The humanitarian elite includes three kinds of actors: states, UN agencies, and INGOs. A few donors provide the bulk of the official assistance. The top three – the U.S., the European Community, and the United Kingdom – provide almost 50 percent of all aid, and the inclusion of other Western donors brings the total to 87 percent. The remaining 13 percent is divided between Turkey (the second largest donor and largely because of the Syrian crisis), the Gulf states, China, Brazil, and a few other countries; these are often referred to as “new” or “nontraditional” donors. At least for the moment the Gulf countries and China have not participated in these sector-wide associations. Money does not just buy membership – it also buys influence. Many of the rules of the humanitarian sector, especially those dealing with funding and financial accountability, are dictated by states. A handful of UN agencies are part of all discussions pertaining to humanitarian action, and they are members of the highly influential Inter-Agency Standing Committee (IASC): it is chaired by the head of the Office of the Coordinator of Humanitarian Affairs (OCHA) and includes the World Food Program, United Nations High Commissioner for Refugees and five other specialized UN agencies. Standing invitees include the World Bank, International Committee of the Red Cross, the International Federation of the Red Cross, the International Council of Voluntary Agencies, and the Office of the High Commissioner of Human Rights. There are thousands of INGOs, but the major INGOs can be counted on two hands. Five – Doctors without Borders, World Vision International, International Rescue Committee, Oxfam, and Save the Children – collect about one-third of the available aid. The top-ten agencies, including Mercy Corps, Christian Aid, Action in Aid, Norwegian Refugee Council, and International Rescue Committee, bring the total to over 70 percent. Other Western-based agencies scoop up nearly all the rest. Local NGOs receive below 2 percent of all direct aid (and less than 1 percent according to some sources). Or, according to another figure, of the $20 billion available in 2016, local organizations received a minuscule $129 million.Footnote 21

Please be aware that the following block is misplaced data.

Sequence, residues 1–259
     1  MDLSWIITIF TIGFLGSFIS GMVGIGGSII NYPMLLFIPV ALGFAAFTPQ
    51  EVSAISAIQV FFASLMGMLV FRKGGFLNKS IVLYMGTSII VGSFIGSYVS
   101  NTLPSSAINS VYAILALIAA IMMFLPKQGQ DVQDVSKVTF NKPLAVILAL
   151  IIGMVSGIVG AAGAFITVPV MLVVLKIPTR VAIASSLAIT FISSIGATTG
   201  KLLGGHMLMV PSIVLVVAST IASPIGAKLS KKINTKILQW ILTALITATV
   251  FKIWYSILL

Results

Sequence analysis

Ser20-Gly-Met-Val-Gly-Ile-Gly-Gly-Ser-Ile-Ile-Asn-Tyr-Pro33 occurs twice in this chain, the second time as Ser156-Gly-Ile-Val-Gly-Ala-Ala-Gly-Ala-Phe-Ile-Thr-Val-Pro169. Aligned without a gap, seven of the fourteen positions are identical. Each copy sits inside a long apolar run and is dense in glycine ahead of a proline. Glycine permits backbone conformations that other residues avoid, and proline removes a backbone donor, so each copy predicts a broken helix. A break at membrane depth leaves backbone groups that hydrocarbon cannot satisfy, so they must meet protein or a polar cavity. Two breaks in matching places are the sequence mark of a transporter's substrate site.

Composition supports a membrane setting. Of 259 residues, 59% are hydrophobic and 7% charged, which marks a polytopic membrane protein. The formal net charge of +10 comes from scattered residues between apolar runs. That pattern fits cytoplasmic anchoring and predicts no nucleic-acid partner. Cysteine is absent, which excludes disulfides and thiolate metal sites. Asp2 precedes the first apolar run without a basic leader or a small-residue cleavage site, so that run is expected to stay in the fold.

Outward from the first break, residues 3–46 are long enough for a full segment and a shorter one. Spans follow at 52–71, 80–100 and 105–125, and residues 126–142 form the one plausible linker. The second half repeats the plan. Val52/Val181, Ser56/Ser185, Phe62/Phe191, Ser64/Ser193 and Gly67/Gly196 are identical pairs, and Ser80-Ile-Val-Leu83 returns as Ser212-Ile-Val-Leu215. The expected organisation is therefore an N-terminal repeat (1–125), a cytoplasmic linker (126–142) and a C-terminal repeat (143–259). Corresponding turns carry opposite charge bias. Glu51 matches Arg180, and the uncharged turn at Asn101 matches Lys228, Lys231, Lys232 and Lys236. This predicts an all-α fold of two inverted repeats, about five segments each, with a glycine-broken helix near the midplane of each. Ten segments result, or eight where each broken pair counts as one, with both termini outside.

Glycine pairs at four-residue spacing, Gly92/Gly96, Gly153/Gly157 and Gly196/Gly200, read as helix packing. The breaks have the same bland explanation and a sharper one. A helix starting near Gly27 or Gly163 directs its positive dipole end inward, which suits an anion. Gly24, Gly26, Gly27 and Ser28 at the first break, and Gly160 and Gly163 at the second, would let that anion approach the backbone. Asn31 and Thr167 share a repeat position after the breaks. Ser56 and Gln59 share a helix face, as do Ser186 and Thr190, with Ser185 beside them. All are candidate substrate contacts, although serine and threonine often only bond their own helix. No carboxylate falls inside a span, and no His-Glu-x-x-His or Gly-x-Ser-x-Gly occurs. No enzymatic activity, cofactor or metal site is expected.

Elites are distinguished by their preponderant control over resources, which can be understood as capital. It takes capital to become a member of an exclusive club. Bourdieu and others have proposed four forms of capital.Footnote 22 Economic capital includes wealth, income, and property. For aid agencies this is primarily about funding. Symbolic capital concerns being held in esteem and conferred honor. In the aid world, organizations and individuals often achieve such recognition for claiming fealty to the fundamental principles of humanitarianism and serving nobly in the field, and especially in the major, landmark emergencies (even in operations that are subsequently labeled a “failure”). Social capital derives from relations of acquaintance and familiarity. Friendships and “bands of brothers” are formed between aid workers in emergencies, which can be strengthened in their ongoing sector-wide meetings and debates about humanitarian governance. Western aid workers often have comparable experiences and reference points, speak English and the jargon, and generally have a comfort level with each other that is not easily achieved between Western and Southern aid workers.